You learn something with every job you do. On last weekend’s intensive shoot for Field Trip, I learnt a hell of a lot. Aside from one day filming the Wasteland trailer and a morning filming a corporate, it was my first use of my new Canon 600D and Pro Aim shoulder rig. Four days, up to seventeen hours each day, and every shot handheld: I could not have asked for a tougher crash course in HD-DSLR cinematography.
The director wanted a documentary style: lots of ad-libbed camera movements including crash zooms. It quickly became apparent that SLRs are not the right format for such a style, prone as they are to the rolling shutter “jelly” effect, and given that the lenses we were using noticeably adjusted the exposure – even in manual mode – whenever we zoomed. So that was the first lesson: choose your camera to fit your movie, and don’t just follow the crowd.
Aside from that, perhaps the key thing I realised is that I’ve bought into a system, a system which I can adapt to my needs and finances. This is true of both the rig and the camera. In the case of the former, I left off the follow focus and frequently the matte box and sunshades too, since these slowed down lens changes and made it harder for me to pull focus on the fly.
With the latter, lenses were the big revelation. To keep costs down, I didn’t purchase any lenses with my camera. I already owned Canon’s basic 18-55mm and 55-250mm zooms, and an adaptor would allow me to use my old 28, 50 and 70-210mm Minolta lenses too. None of these are particularly great, and crucially none of them are very fast. When I borrowed some f1.4 andf f1.8 primes from a helpful runner, I was blown away by the tiny depth-of-field. Conclusion: I’m wasting my camera’s potential with my current set of lenses, and I must get hold of some nice fast ones pronto.
Other things learnt or reinforced on Field Trip include: always make very sure the data has all been transferred before you wipe a card; you get what you pay for (one of my cheap third party batteries packed up); and I need some nice ND filters.
As ever, you’ll be the first to know when I get the new kit and how it stacks up. Thanks to James Byrne for the Field Trip photos.
When you’re lighting without a budget, sometimes you have to press some very random objects into service. Yesterday I used a towel, a t-shirt and a hot tub cover to light a scene.
I was working on Patrick Coyle’s hilarious comedy feature Field Trip, which he was bravely attempting to shoot in just four days. (Sadly he didn’t succeed in that timeframe and another couple of days will be needed.) The style was documentary-esque, a la The Office, with everything to be shot using available light. But occasionally we were forced to add more light in order to expose an image; such was the case when shooting around a hot tub in a garden at night. Of course the light had to be soft and flat to match with other scenes that weren’t artificially lit.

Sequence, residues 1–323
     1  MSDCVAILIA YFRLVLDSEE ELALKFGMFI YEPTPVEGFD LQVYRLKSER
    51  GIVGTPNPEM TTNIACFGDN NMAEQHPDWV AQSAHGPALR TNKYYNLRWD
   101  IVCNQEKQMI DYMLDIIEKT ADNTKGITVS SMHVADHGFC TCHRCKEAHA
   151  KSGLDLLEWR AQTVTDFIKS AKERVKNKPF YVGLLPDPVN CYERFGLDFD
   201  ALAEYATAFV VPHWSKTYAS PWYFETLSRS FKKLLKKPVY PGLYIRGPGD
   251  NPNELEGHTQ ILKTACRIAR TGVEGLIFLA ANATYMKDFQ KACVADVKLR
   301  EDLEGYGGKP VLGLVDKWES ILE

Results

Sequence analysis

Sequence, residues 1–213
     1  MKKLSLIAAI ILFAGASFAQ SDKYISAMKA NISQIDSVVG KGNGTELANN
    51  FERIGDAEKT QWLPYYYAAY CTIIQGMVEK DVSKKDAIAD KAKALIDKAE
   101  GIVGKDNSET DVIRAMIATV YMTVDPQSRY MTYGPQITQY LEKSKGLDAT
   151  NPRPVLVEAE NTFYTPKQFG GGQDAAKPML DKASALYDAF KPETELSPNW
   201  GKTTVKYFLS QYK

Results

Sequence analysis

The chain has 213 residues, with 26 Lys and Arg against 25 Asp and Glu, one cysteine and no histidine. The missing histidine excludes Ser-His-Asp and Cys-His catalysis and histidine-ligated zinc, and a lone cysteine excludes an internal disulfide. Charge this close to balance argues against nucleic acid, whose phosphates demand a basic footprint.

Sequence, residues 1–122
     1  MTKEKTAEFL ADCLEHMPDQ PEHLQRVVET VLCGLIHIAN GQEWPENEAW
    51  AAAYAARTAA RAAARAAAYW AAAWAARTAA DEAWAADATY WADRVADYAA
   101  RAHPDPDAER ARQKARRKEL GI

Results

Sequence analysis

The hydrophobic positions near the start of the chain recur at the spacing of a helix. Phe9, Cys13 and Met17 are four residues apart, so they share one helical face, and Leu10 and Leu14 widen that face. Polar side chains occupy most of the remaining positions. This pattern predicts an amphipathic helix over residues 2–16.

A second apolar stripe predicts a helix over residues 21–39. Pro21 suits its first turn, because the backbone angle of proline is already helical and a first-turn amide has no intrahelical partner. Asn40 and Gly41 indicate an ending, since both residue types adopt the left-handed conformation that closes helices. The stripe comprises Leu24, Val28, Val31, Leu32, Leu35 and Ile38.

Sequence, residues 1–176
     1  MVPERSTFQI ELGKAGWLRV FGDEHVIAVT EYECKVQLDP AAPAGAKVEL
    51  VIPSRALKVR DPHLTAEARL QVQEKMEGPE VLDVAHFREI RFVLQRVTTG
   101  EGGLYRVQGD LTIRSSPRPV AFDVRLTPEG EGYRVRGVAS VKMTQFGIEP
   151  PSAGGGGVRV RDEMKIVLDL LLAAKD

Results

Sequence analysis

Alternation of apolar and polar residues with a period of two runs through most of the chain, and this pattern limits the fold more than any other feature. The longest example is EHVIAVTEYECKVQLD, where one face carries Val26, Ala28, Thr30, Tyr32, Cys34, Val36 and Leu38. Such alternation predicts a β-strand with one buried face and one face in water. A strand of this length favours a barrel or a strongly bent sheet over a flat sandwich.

The problem was that we only had one redhead. No reflectors, no flags, no polecats, no c-stands, not even any gels or diffuser. I noticed that the cover for the hot tub was cream on the underside, and could see its potential for bouncing light, but couldn’t see a way of rigging it up. After much head-scratching, at the suggestion of lead actor Tony Streeter we propped up the cover against one corner of the hot tub’s shelter and I aimed the redhead at it, throwing a large amount of soft light back towards the tub.
Then we needed to flag off some of this light to prevent it from blowing out one side of a character’s face when she was standing at the entrance. Being a hoopy kind of frood, the hot tub’s owner knew where his towel was, and had lent it to us along with an old t-shirt when we were experimenting earlier with makeshift diffusers. I now realised both these unlikely fabrics could be used as flags. With an LED camping light gaffered to the ceiling to add an extra spot of brightness, some Christmas lights for a bit of sparkle and some fast lenses on the cameras, the set-up was complete.
I’d advise any filmmaker to take as much kit as they possibly can wherever they go, but if you can’t, be prepared to use anything that comes to hand in the service of cinema.
More from the Field Trip shoot next time, when I’ll talk about what I learnt from four intense days of working with my new Canon 600D HDSLR and the Pro Aim shoulder rig.